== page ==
– be paid for all hours worked or controlled by the employer;
– the legal minimum wage;
– overtime pay;
– rest and meal breaks;
– workers' compensation insurance;
– Social Security contributions;
– unemployment benefits;
– state disability benefits;
– employer benefits such as vacation, sick leave, pension, medical insurance, etc.
Also, in some states, including California, employers are subject to a penalty if they misclassify employees as independent contractors (see below).
There are different ways to determine if a worker is an employee or independent contractor. Employers must comply with all relevant laws.
FEDERAL TAX LAW: The Internal Revenue Service (IRS) looks at three areas to determine a worker’s status:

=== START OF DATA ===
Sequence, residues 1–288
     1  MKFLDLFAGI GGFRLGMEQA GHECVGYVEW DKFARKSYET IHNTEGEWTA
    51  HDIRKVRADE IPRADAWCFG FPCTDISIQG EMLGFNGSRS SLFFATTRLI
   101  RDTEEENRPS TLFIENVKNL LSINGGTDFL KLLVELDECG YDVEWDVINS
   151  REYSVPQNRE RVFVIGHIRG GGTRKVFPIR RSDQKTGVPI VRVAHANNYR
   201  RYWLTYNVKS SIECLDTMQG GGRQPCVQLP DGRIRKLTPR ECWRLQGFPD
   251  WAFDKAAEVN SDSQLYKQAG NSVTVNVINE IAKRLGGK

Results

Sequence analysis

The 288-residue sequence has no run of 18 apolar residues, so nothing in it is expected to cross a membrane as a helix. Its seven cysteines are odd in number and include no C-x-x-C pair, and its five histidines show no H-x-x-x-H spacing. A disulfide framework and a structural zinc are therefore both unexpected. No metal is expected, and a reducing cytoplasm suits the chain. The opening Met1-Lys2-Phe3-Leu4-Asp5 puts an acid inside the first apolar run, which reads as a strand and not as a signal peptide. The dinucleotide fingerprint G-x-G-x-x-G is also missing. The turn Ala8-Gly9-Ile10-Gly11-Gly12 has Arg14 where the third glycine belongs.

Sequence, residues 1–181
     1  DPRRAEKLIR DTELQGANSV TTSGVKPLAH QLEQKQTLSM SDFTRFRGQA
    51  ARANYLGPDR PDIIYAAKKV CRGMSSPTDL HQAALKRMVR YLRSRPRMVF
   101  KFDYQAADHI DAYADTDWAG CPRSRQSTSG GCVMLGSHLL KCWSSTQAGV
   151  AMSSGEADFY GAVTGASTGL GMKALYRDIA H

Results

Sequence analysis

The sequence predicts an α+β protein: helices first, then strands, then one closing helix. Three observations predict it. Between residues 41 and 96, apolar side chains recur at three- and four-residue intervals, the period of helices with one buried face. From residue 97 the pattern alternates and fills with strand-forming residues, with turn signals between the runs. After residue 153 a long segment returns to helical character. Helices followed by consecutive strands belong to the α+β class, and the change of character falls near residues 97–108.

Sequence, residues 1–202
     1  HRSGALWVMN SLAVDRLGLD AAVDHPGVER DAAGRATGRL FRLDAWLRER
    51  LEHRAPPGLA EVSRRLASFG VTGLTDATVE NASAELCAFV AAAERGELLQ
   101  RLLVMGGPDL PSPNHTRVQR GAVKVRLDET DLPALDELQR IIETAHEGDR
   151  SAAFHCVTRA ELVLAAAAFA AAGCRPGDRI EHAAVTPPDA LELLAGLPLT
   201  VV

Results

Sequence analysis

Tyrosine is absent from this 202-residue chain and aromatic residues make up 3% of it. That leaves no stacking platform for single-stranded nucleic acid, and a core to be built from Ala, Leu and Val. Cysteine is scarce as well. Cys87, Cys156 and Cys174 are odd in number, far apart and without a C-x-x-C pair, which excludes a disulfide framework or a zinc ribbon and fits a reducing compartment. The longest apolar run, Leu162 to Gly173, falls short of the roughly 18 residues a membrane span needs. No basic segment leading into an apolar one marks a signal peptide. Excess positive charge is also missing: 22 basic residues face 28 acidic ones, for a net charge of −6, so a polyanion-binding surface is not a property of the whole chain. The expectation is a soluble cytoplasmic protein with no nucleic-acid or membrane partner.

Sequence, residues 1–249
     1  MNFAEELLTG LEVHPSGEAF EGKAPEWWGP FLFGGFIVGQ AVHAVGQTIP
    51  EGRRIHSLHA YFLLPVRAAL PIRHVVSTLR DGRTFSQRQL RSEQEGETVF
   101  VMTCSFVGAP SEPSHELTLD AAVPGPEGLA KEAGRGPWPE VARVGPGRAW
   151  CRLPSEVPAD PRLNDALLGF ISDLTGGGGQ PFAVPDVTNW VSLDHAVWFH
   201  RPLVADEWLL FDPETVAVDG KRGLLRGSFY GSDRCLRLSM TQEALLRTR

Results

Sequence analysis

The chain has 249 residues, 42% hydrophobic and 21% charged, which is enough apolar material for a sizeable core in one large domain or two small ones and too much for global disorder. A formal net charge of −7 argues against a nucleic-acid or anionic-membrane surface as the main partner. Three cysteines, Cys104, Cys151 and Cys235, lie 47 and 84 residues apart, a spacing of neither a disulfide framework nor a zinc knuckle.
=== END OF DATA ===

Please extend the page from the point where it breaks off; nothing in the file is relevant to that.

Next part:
Behavioral Control – This area considers instructions and training. If the employer has the right to direct or control the work, even if it does not exercise that right, the worker is an employee. These instructions might include when to do the work, or how and where to do it; what equipment or tools to use; who the worker can hire or not hire to help get the work done; what supplies and services to buy, and/or where to buy them. If the employer trains the worker in required methods of doing the work or the procedures to get the work done, this is evidence the employer wants things done its way, which indicates the worker is an employee and not an independent contractor. Therefore, if the employer gives the worker detailed or extensive instructions on how to get the job done, the worker is probably an employee and not an independent contractor.